Following our #DiversityInEcology theme, Conor Ryan discusses his experiences of judging whether to be ‘out’ to colleagues and crew members during boat-based fieldwork. A congenital ecologist, Conor’s career began in the late 1980s, where he developed a keen interest in intertidal ecology, undertaking almost daily field trips to the seashore across from his home in Cobh, Ireland. Though he logged significant hours searching beneath barnacle-studded rocks for eels, his publication record on this seminal research was sorely lacking because he was five years old. As he grew, so too did the size of the marine creatures that he was preoccupied with. He completed his PhD in Galway on the ecology and population structure of baleen whales in the Celtic Sea, using stable isotope analysis, molecular genetics and organochlorine contaminants. During this time, he realised that the lab was not his natural habitat, so he now works as a research scientist primarily in the field, using passive acoustics and line transect surveys to study cetaceans. His whereabouts mirror that of an Arctic tern, although he has a much more placid temperament. He works as a guide, lecturer and RIB driver in Antarctica and the Arctic during their respective summers. As a result, though he calls the Isle of Mull in the Hebrides “home”, he is scarcely found there.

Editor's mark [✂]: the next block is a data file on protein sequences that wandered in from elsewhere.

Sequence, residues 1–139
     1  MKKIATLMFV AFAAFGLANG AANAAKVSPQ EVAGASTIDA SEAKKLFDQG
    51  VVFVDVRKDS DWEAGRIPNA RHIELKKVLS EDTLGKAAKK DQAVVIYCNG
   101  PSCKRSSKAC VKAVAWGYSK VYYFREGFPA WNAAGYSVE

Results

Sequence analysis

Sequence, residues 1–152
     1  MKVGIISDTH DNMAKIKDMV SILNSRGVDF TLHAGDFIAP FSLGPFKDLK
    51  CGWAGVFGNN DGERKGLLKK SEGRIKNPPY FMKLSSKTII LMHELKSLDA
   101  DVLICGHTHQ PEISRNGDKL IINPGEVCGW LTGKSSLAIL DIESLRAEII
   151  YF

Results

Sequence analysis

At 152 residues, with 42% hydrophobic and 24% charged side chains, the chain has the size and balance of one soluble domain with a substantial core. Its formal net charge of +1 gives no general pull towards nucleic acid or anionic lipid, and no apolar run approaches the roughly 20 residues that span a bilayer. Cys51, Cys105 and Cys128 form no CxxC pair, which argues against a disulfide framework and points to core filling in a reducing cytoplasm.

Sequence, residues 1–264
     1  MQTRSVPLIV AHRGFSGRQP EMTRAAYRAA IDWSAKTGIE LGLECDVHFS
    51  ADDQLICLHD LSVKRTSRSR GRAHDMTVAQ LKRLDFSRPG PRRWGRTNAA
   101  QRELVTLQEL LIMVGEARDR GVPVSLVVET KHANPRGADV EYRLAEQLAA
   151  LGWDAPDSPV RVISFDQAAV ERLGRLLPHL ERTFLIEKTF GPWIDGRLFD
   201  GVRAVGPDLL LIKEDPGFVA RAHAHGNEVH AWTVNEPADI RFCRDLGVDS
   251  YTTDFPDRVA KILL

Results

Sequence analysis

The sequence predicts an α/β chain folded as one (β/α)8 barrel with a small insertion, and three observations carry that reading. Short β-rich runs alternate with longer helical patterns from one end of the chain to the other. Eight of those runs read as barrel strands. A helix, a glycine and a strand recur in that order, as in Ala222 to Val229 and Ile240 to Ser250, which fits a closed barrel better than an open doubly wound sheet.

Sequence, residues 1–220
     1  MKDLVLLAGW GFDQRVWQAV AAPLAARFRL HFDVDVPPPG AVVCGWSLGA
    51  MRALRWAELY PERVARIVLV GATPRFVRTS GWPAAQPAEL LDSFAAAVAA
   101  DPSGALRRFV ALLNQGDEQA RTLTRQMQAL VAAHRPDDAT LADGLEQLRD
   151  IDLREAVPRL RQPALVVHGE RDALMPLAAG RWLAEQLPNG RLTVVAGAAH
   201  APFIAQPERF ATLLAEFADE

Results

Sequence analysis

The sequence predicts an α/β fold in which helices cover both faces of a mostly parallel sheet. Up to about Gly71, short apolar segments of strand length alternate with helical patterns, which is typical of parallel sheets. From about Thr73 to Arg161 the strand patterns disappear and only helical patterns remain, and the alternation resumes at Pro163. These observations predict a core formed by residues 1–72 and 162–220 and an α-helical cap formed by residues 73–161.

As an ecologist, how do I reconcile my sexual orientation with my professional persona? Should I even have to do that? Afterall, my sexuality has no bearing on say, my ability to map the distribution of an animal or to solder a hydrophone. But, we work to the best of our abilities and reach our full potential when we are afforded the opportunity to be ourselves. In that sense, I argue, honesty and openness about being gay is relevant to my work because it is an important part of who I am.
“… of those scientists who identify as LGBTQ+ working in the life sciences, just 57% are ‘out’ to most of their colleagues…”
I don’t believe that my employability is affected by me being openly gay, and thankfully I have never heard of this level of discrimination in our profession. However, if I said that being gay poses no barrier whatsoever to my work then I would be lying. While doing some research for this blog on #DiversityinEcology, I learned that of those scientists who identify as LGBTQ+ working in the life sciences, just 57% are ‘out’ to most of their colleagues . My hunch is that the situation may be worse for fieldworkers in ecology. That said, I feel like the situation is improving: searching queerSTEM in Twitter will demonstrate my point.